Thursday, March 14, 2013 [Tweets] [Favorites]

How Much, or How Little, I Use Interface Builder These Days

Brent Simmons:

Any one of those would be enough: all three thoroughly convince me to stay away from IB for all but the rarest cases.

And the fourth reason I added just yesterday is that dealing with auto layout in IB is not worth the hassle — not when it’s so much easier done in code.

I basically agree that Interface Builder is a beautiful idea that never really lived up to its promise. For a long time, I’ve been making small tweaks in code since it’s so much easier than modifying xib files (especially when localization is involved). And I’ve even run into bugs caused by IB incorrectly generating the xib. I hope to phase out IB as I transition to using auto layout.

9 Comments

Adam Maxwell

I used to like IB, but moving all dev tools into Xcode 4 basically killed my desire to do Cocoa programming as a hobby after 10 years of it. In what world did it make sense to take a complicated program (IB) and wedge it into another complicated program (Xcode)? Intermingling the two interfaces has made the process of switching from codenib tedious at best, and confusing at worst due to all the unrelated UI around it. Now IB and Xcode have to proceed at the same development pace, as changes in one will affect the other.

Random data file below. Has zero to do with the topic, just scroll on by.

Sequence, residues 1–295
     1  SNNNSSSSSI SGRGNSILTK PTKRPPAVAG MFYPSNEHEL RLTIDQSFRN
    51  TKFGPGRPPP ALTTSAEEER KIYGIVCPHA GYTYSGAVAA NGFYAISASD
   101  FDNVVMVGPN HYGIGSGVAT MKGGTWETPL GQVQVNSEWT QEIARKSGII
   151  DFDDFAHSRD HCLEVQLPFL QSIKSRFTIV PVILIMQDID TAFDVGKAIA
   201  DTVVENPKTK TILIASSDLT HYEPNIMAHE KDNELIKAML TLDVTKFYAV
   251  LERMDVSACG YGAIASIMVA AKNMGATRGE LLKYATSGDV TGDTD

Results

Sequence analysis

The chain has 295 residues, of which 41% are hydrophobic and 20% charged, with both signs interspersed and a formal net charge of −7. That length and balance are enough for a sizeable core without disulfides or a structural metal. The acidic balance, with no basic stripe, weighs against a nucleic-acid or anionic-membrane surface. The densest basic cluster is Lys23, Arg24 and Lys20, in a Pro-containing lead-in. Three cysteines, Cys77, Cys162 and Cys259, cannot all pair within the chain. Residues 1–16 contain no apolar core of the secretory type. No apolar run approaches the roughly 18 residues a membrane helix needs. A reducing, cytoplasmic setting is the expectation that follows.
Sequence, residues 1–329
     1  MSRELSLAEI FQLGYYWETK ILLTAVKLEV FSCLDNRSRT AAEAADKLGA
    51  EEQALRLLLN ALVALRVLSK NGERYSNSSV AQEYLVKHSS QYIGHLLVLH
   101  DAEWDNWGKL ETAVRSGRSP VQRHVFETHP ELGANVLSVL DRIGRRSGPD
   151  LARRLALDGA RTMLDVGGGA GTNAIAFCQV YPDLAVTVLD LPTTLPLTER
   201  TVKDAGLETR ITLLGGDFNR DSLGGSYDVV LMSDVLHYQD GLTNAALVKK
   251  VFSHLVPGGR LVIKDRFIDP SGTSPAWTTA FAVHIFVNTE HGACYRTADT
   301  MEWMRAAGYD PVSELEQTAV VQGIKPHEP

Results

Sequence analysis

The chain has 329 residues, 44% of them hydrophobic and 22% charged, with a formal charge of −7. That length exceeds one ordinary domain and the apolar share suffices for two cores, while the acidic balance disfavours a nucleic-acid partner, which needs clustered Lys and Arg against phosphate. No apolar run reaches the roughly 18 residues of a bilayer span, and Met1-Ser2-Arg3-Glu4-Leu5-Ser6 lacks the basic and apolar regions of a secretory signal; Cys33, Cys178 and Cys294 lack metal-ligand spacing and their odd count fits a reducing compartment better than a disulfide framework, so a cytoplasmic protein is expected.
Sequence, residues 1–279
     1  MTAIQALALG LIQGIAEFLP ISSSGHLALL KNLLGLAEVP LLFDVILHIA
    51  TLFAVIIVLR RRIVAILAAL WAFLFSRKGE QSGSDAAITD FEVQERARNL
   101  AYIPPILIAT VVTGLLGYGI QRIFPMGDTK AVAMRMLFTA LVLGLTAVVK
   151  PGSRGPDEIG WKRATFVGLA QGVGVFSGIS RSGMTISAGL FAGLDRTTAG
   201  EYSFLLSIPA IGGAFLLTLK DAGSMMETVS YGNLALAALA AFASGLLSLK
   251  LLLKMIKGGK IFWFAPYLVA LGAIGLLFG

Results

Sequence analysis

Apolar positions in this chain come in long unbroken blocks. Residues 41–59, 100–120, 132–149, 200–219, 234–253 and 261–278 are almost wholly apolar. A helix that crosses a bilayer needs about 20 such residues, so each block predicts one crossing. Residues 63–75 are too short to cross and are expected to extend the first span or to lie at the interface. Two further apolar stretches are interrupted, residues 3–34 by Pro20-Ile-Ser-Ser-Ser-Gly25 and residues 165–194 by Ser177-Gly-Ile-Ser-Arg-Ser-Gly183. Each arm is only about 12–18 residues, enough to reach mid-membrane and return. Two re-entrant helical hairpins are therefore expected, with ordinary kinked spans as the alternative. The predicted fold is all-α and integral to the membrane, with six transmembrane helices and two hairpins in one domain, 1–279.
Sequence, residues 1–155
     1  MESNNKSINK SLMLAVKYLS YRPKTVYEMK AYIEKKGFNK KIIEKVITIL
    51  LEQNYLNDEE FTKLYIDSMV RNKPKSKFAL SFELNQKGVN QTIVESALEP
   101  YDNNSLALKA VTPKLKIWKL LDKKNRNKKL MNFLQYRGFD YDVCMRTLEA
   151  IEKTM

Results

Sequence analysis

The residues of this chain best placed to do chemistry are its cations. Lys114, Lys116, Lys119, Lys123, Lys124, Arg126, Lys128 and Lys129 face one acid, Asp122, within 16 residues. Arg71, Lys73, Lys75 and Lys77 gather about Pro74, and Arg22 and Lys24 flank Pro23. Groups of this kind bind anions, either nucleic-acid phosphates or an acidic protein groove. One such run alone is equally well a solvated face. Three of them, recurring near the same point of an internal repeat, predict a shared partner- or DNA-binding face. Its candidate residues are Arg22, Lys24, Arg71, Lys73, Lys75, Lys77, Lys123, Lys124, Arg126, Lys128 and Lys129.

The bugs in xib generation are inexcusable. Sadly, even things like swapping views out of a window is better done in code, regardless of any claims about tabless tab views. Dealing with nested splitviews or any moderately complex view hierarchy in IB just doesn't work.

I still use IB a lot. I agree localization is a pain; localizing nibs/xibs is the wrong approach. I have some code that given a couple IB root objects will visit everything in the hierarchy and localize objects using regular .strings files, plus some code to adjust the layout when text takes more space (with some limitations). Works great really. Apple seems to be moving in the same direction with auto-layout and .strings-based localization.